Document Type



Doctor of Philosophy


Education, Educational Leadership & Policy Studies

Date of Defense


Graduate Advisor

Dr. E. Paulette Isaac-Savage


Dr. E. Paulette Isaac-Savage

Dr. Angela Coker

Dr. Gwendolyn Turner

Dr. Dionne M. Rosser-Mims

Dr. Jim Berger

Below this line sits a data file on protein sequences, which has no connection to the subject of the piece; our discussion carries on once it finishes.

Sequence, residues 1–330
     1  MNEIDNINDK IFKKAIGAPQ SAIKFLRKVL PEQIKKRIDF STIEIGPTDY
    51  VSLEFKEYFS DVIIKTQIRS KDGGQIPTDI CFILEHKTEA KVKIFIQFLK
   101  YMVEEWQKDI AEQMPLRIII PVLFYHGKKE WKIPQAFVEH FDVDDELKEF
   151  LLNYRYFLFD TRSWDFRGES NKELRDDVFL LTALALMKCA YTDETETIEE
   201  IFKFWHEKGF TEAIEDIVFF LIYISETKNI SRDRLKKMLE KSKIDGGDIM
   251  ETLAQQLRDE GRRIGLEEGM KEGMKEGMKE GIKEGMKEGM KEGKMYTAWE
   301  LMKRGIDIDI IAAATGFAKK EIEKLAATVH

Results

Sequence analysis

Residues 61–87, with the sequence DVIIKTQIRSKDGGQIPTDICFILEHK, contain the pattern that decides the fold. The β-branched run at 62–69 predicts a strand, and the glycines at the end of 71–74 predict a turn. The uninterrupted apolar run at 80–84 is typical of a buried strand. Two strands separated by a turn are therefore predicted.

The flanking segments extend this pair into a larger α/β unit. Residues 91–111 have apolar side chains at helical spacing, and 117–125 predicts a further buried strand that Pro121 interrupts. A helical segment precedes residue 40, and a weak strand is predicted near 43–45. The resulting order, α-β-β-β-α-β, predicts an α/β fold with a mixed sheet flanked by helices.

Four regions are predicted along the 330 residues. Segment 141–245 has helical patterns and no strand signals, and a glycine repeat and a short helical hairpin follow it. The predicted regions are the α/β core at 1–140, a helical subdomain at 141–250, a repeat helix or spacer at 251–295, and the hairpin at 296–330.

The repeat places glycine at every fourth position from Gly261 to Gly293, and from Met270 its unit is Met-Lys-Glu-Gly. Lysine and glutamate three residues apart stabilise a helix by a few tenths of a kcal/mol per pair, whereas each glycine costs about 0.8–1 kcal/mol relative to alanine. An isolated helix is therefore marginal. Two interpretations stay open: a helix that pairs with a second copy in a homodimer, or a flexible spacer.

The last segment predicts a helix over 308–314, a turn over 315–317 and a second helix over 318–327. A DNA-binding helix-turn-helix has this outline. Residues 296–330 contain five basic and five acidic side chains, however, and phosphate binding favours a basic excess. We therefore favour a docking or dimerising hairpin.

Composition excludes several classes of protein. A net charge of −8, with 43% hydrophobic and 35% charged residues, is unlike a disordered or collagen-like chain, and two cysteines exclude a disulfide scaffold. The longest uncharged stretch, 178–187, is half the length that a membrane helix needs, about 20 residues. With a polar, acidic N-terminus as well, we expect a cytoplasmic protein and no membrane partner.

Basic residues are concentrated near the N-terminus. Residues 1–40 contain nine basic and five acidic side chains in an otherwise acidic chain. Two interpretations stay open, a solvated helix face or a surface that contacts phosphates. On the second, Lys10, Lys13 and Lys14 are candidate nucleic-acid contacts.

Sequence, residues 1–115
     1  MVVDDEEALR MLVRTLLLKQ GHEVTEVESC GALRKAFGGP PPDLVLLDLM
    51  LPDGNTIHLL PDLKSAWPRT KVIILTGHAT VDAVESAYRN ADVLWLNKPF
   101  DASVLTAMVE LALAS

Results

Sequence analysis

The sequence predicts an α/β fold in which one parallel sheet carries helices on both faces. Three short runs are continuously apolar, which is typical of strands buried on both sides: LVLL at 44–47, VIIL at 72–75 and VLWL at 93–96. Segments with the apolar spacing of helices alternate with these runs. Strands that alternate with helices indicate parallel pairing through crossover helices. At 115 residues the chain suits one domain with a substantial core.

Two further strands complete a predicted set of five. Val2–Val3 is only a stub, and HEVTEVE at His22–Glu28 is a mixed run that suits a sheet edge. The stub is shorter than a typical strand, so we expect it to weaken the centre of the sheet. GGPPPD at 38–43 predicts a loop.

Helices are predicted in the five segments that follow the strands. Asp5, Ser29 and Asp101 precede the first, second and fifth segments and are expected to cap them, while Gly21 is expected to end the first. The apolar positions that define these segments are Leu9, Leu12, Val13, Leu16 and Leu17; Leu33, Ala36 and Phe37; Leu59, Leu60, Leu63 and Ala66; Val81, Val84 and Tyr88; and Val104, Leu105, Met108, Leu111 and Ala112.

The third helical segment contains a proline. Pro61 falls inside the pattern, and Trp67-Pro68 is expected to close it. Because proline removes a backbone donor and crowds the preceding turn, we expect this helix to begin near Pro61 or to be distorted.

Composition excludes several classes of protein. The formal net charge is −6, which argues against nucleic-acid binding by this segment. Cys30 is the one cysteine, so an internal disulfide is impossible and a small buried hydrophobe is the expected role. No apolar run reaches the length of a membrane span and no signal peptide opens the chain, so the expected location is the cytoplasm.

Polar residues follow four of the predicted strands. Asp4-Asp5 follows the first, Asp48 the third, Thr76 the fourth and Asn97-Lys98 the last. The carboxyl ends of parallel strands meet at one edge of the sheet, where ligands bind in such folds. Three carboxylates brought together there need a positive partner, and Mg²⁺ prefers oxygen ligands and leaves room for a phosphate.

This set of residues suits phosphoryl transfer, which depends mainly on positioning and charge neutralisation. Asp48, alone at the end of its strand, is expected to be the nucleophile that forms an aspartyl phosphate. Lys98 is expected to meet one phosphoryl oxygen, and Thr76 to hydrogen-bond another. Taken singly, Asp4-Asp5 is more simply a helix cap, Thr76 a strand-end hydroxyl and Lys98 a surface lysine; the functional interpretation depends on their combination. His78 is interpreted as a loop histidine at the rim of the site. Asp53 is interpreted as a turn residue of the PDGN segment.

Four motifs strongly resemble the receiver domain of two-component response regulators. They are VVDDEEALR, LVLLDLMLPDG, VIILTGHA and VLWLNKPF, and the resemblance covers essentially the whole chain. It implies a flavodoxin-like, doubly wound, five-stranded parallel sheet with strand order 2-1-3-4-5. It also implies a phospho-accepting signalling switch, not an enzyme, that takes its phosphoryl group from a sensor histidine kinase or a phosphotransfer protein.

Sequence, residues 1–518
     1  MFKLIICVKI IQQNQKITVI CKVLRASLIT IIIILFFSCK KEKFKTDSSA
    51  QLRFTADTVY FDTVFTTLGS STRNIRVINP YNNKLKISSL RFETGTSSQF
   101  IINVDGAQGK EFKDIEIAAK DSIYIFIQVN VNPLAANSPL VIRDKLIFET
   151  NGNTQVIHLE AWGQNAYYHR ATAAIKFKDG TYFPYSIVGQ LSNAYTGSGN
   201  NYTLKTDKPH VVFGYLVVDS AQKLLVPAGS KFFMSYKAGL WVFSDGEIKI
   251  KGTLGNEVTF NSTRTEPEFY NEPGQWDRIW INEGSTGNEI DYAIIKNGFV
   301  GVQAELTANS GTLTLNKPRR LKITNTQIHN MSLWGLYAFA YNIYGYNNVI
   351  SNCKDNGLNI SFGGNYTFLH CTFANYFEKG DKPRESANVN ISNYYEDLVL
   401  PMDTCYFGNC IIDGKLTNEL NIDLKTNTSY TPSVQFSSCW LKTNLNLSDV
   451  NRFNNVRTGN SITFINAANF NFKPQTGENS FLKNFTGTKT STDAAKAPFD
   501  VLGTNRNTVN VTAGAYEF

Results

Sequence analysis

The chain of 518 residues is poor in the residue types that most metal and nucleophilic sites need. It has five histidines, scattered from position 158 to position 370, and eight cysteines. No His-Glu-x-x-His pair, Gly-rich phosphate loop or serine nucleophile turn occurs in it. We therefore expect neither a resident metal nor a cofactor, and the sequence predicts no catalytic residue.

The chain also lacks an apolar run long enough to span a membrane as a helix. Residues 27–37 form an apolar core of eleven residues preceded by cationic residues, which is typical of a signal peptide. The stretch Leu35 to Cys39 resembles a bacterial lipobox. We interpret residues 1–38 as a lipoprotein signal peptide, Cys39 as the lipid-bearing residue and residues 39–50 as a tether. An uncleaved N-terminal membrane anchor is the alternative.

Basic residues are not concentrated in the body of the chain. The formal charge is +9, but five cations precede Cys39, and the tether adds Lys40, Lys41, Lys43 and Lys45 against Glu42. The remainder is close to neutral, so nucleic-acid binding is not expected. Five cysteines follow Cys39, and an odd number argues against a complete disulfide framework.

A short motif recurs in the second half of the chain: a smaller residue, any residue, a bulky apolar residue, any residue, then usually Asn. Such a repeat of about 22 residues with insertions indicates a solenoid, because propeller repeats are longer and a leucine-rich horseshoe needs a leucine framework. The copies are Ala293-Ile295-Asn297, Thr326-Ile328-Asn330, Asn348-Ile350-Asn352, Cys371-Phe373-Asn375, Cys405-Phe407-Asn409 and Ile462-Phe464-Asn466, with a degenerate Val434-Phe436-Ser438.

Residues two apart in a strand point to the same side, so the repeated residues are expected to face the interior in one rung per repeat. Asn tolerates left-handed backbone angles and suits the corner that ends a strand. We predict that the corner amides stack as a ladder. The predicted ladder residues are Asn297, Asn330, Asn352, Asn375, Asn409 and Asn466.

The purpose of this study was to determine if there is a significant difference in career decision self-efficacy for African American women after participating in a short-term, adult education intervention program and to give voice to barriers and challenges experienced by African American women in their career development and the coping strategies they use to overcome these obstacles. In this quasi-experimental mixed methods study, a snowball sample of 20 African American women participated in a short-term adult education intervention program designed using Black feminist critical social theory and the career management model of social cognitive career theory. A pre-test-post-test control group design with delayed treatment was used to conduct the study. The sample included an experimental group (n=11) and a delayed treatment/control group (n=9) that participated in a career management information session before the intervention. Wilcoxon exact testing of Career Decision Self-Efficacy-Short Form scores revealed statistically significant differences for the experimental group (Z=-2.298, p=.010, r=.49), delayed treatment group (Z=-2.668, p=.002, r=.62), control group (Z=-2.036, p=.023, r=.48), and between post-information session and post-intervention session for the delayed treatment group (Z=-2.253, p=.012, r=.53). Documents from the discussion of career development barriers, challenges, and coping strategies were analyzed using critical Black feminist narrative qualitative analysis and the following eight themes were noted: external barriers of a) intersectionality of oppressions and b) work life balance; internal challenges of c) self-concept, d) emotions, and e) access to resources; and, coping strategies of f) personal agency, g) collective agency, and h) spiritual agency.